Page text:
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7 of 7 people found the following review helpful By Kenneth E. Painter Jr. on October 2, 2007
Format: Paperback
This is a great book for the history of Peru. The chronological order is perfect. All the essays are wonderful to read. I think I learned more about Peru with this book than any other.
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5 of 5 people found the following review helpful By J. Rodina on November 23, 2009
Format: Paperback Verified Purchase
Five stars for this book. After I returned from a six week trip to Peru, I was perplexed, astonished, and intrigued by so much that I saw and experienced there. I bought this book hoping it would answer some of my questions. On the contrary, it answered ALL of my questions and left me asking and wanting to read more. What a fascinating country and culture! I was a Latin American Studies major in college, and I learned an incredible amount from this book. I wouldn't recommend taking this book on your trip with you (it's quite large and heavy), but it would be a great intro to the country you're about to visit, or when you're back home missing your vacation, a great resource to dip into to remember and learn more about Peru. As another reviewer mentioned, I too wish there was such a book like this for every country I travel to! I will be reading this book again, and I highly recommend it to those who will be traveling to Peru, or to those armchair travelers who have an interest in Latin America.
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1 of 1 people found the following review helpful By J.P. Franks on September 21, 2008
Format: Paperback
Really good collection of a variety of excerpts from some interesting books. A lot of good poetry too; like Osman Morote's "A Frightening Thirst for Violence":

"The dictator
shifts his gaze
and a rose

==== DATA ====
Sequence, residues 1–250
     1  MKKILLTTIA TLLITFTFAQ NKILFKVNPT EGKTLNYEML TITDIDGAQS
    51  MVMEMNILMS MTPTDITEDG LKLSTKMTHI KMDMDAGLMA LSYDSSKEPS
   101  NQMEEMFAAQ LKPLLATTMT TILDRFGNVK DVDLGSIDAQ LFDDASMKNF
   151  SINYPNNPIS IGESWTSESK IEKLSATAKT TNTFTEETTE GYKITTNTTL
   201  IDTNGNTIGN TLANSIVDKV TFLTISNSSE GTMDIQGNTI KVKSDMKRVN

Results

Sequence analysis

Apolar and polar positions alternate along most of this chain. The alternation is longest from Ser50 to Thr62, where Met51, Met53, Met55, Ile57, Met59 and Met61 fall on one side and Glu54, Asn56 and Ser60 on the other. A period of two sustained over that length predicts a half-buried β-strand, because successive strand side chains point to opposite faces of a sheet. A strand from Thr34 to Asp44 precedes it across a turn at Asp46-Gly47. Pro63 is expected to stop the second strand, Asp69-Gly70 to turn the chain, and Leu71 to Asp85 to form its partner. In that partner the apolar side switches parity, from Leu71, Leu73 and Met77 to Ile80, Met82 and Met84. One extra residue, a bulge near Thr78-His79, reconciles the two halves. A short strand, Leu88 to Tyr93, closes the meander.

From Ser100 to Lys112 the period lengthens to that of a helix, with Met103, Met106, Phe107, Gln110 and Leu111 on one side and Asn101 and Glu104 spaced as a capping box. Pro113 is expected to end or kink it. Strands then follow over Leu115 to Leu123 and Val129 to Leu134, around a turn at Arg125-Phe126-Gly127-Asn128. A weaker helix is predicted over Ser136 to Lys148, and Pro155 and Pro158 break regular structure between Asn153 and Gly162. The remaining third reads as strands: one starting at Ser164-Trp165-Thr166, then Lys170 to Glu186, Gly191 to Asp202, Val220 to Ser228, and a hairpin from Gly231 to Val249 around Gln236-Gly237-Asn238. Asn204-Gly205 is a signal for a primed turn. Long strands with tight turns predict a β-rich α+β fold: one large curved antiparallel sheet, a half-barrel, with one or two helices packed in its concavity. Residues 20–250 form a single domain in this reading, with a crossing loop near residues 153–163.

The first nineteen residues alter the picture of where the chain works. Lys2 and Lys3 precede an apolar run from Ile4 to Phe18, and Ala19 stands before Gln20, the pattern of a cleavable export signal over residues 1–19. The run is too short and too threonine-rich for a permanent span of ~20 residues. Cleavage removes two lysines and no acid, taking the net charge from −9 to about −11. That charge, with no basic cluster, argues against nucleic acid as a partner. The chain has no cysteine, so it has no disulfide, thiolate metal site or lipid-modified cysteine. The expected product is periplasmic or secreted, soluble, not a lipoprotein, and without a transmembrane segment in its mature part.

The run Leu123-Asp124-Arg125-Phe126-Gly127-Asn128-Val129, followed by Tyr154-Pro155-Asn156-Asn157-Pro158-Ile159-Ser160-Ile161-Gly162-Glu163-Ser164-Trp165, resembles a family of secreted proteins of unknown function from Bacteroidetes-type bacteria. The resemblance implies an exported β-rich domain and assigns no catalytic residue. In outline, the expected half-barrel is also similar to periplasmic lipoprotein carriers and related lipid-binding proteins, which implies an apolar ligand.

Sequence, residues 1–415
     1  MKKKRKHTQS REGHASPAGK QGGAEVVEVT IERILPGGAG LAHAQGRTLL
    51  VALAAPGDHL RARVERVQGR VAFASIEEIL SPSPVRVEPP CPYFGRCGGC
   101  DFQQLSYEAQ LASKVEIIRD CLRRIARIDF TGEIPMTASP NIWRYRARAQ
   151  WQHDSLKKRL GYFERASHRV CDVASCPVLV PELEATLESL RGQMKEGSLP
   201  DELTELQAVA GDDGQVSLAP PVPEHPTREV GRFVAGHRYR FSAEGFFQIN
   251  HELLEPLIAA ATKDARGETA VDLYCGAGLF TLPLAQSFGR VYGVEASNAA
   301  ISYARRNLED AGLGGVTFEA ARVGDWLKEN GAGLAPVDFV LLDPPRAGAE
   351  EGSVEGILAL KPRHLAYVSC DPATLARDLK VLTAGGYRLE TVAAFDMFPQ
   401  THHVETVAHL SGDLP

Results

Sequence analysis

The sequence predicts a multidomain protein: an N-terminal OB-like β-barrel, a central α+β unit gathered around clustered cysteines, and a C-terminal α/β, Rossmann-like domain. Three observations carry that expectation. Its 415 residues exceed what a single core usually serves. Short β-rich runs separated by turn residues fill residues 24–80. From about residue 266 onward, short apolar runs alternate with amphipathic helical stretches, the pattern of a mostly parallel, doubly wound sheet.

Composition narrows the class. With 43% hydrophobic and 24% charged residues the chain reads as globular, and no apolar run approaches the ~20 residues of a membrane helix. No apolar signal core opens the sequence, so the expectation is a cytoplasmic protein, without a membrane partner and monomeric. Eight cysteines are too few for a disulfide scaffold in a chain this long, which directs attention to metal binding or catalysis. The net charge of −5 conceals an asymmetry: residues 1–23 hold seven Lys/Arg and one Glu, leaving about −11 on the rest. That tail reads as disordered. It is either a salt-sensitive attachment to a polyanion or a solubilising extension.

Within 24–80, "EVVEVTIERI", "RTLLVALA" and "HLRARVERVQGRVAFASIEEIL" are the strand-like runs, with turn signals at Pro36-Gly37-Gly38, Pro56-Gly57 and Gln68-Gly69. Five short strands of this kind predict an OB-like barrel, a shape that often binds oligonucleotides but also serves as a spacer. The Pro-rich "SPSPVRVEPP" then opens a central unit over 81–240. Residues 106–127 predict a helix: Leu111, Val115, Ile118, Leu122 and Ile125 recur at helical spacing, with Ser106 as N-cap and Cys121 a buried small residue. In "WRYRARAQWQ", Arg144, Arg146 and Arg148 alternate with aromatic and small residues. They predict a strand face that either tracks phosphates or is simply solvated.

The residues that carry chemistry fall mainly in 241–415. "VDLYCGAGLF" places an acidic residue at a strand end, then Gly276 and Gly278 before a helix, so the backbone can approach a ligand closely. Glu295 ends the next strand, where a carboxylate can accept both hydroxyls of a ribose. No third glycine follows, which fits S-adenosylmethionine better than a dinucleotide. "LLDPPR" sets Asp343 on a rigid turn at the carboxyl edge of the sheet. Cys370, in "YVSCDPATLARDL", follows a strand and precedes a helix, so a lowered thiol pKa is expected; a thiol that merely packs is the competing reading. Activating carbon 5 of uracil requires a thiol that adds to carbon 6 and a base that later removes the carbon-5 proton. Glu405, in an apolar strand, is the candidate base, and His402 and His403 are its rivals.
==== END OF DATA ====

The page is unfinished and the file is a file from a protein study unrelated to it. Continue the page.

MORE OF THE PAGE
acclaimed as fragrant
falls, in a slice,
from just one
beheading

The dictator
swivels his hands
and
one worker
falls, the wife of a
worker
falls, the children of a
worker
fall

Oh!
what a frightening thirst
for vengeance
devours me"

Morote became the second-in-command in the Shining Path, which the book treats even-handedly, except it does tend to leave out sufficient details of the kind of daily suffering due to exploitation and inequality that led people like Morote to sacrifice his life. The book does include testimony from a government soldier, casually discussing his rapes, murders and tortures, and mentions that during the war, far more people were killed by the government than by the rebels. Some surprise.

The best instance of a description of the kind of reality people lived in - terribly far away from the wealth and comfort of rich countries - that would explain a bit about why people would give up their lives in the Shining Path or the Tupac Amaru Revolutionary Movement to create a better society: another poem, an excerpt from "The Battle of Ayacucho" by Antonio Cisneros, which strips of glory the decisive battle that won Peru independence from Spain:

"...
From a Mother
again

My sons and the rest of the dead still
belong to the owner of the horses
and the owner of the lands, and the battles.
A few apple trees grow among their bones
and the tough gorse. That's how they fertilize
this dark tilled land,
That's how they serve the owner
of war, hunger, and the horses."